COLUMN: Why I stand with Christine Blasey Ford
I am an American male, I stand with Dr. Christine Blasey Ford, and I am not the only one.
An advertisement recently published in The New York Times displayed the names of 1,600 men who also show their support for the victim of violent sexual assault at the hands of Supreme Court nominee Brett Kavanaugh.
The style and format resemble the 1991 advertisement in support of Anita Hill, who had a similar sexual assault case against Supreme Court Justice, Clarence Thomas. The advertisement displayed the names of 1,600 African American women who all believed Hill’s statements.
Despite the allegations, and credible evidence, Thomas was sworn in. Thomas continues to serve today.
History must not be allowed to repeat itself.
On Sept. 27, Ford and Kavanaugh appeared before U.S. Senators for a formal hearing.
Dr. Ford was first with her opening statement. She described the events that occurred the night of 1982 in graphic detail then proceeded to explain how the experience has continued to affect her adult life.
Ford brought forth the allegations, knowing the impact it would have on her personal life. “My family and I have been the target of constant harassment and death threats. I have been called the most vile and hateful names imaginable,” she said.
Those who would doubt Dr. Ford’s honesty do not consider this simple fact — coming forward with her story has taken an enormous toll on her life.
What reason would Ford have to lie to the senate and to the American public? To gain some political advantage? To satisfy some personal vendetta?
To lie for these motives and risk the safety of her friends and loved ones as well as tarnish her name by recalling traumatic and despicable events would be completely absurd and nonsensical.
A Pursuit of Justice defines the qualities of a supreme court nominee: "a justice should exhibit proper judicial temperament, ethics, courage, and integrity," something judge Kavanaugh failed to demonstrate during his testimony.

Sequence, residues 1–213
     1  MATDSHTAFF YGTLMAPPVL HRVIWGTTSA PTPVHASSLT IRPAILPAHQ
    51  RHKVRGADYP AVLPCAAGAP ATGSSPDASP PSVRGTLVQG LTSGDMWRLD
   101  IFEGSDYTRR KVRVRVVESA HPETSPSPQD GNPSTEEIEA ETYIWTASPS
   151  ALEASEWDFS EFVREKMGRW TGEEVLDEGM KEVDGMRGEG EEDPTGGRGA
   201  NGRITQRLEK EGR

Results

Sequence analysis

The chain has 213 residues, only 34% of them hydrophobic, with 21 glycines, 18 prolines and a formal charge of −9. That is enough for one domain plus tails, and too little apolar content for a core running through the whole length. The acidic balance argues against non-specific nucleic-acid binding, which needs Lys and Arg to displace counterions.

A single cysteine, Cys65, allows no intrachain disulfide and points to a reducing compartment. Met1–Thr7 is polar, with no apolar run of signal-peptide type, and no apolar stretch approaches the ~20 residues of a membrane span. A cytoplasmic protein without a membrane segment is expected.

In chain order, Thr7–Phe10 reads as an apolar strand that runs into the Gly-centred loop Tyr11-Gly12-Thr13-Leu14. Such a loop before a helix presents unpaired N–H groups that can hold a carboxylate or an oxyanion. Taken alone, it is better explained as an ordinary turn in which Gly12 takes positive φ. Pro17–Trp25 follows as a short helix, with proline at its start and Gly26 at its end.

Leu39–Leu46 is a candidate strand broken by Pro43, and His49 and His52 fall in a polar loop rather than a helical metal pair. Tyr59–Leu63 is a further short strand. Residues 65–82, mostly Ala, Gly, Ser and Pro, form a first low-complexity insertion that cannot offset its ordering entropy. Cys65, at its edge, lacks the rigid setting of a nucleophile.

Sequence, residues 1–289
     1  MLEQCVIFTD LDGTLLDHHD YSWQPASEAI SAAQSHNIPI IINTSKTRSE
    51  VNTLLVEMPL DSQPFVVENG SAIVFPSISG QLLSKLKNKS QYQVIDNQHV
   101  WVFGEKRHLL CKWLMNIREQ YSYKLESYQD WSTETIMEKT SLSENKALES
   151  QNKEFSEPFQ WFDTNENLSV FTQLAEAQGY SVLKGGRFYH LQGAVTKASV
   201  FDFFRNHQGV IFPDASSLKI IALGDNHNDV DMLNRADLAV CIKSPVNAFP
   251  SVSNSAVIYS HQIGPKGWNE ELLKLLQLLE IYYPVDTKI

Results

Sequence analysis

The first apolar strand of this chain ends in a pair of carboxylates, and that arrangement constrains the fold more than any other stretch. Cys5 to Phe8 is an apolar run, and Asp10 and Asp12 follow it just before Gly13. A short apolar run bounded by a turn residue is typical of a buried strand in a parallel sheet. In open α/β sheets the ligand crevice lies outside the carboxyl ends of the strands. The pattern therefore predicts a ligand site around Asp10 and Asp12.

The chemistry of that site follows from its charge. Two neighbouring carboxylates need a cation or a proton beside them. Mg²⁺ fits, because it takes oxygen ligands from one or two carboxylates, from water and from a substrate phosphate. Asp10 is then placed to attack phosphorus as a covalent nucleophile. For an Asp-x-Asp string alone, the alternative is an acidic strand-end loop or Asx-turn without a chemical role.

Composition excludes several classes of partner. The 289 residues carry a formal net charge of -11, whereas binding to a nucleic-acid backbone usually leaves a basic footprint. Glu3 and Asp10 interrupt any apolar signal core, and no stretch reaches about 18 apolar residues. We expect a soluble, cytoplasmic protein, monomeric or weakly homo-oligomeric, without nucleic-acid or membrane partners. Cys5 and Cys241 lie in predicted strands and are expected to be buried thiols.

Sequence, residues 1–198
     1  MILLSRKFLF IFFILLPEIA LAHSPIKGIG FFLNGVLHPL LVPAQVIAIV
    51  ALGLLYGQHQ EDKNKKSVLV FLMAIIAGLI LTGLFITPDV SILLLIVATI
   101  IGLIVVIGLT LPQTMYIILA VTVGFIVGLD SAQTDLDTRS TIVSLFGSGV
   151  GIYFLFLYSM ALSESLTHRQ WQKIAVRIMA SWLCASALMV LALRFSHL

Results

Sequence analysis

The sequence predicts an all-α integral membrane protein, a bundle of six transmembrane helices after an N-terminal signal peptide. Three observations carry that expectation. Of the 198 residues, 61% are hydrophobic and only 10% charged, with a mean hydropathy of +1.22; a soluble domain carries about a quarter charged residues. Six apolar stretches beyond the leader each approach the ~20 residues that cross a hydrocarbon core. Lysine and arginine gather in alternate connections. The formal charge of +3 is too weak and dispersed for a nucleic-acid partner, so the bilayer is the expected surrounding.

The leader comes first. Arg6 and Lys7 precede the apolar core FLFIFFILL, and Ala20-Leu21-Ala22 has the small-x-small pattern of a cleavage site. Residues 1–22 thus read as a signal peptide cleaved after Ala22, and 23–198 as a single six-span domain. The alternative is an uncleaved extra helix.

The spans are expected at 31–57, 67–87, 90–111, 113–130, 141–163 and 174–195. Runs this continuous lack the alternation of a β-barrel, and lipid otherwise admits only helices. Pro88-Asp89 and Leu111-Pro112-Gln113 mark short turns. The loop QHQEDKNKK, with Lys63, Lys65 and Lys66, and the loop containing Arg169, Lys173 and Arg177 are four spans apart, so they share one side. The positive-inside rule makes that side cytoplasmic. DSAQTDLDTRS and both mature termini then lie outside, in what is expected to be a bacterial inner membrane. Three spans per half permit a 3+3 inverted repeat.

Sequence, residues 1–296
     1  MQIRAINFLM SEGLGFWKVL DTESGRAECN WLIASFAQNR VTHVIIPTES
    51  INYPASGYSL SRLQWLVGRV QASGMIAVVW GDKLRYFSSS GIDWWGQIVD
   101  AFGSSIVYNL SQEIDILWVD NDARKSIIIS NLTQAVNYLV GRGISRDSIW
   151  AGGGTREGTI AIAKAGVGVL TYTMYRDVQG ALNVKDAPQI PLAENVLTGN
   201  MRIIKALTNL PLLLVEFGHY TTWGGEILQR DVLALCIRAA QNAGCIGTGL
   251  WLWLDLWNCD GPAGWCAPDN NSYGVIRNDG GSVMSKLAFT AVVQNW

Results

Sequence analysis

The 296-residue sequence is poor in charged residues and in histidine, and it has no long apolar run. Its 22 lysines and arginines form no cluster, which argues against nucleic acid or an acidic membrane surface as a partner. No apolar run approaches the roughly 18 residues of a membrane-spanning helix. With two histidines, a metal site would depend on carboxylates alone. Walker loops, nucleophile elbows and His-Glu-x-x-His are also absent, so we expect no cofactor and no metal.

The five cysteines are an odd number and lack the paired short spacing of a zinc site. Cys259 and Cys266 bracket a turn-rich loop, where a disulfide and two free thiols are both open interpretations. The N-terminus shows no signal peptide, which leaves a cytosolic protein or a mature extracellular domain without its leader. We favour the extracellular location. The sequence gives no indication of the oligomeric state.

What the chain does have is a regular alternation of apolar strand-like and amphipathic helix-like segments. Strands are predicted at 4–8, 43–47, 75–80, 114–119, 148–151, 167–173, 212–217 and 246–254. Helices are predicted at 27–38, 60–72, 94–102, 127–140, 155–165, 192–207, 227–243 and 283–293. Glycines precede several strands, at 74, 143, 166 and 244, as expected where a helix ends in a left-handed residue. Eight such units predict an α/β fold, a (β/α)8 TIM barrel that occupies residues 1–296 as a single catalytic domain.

Dr. Ford performed her civic duties at last Thursday’s hearing by detailing the events of the summer of 1982. By doing so, she reinforces the key characteristics of a Supreme Court Justice. Kavanaugh fails to display these qualities.
First, he let anger fuel his voice in an emotionally-charged opening statement. Kavanaugh viciously denied the allegations claiming, “This confirmation process has become a national disgrace. The Constitution gives the Senate an important role in the confirmation process, but you have replaced advice and consent with search and destroy.”
Later, Kavanaugh lashed out at Sen. Dick Durban for recommending suspending the hearing until the FBI investigation has reached a conclusion.
“Judge, if there is no truth to her charges, the FBI investigation will show that. Are you afraid that they might not?” Durban asked.
“The FBI does not reach conclusions. You know that’s a phony question because the FBI doesn’t reach conclusions,” Kavanaugh said.
Despite the clear holes in Kavanaugh’s argument, Republican Senators, such as Lindsey Graham, stood in Kavanaugh’s corner. Graham called the event the "most despicable" thing he has witnessed in his time in politics.
I believe Ford was sexually assaulted by Kavanaugh in high school.
I believe the "uproarious laughter" of Kavanaugh and his friend Mark Judge still haunts her to this day.
I believe no one who performs this type of violence on their fellow human being has a place on the most esteemed court of justice in the United States.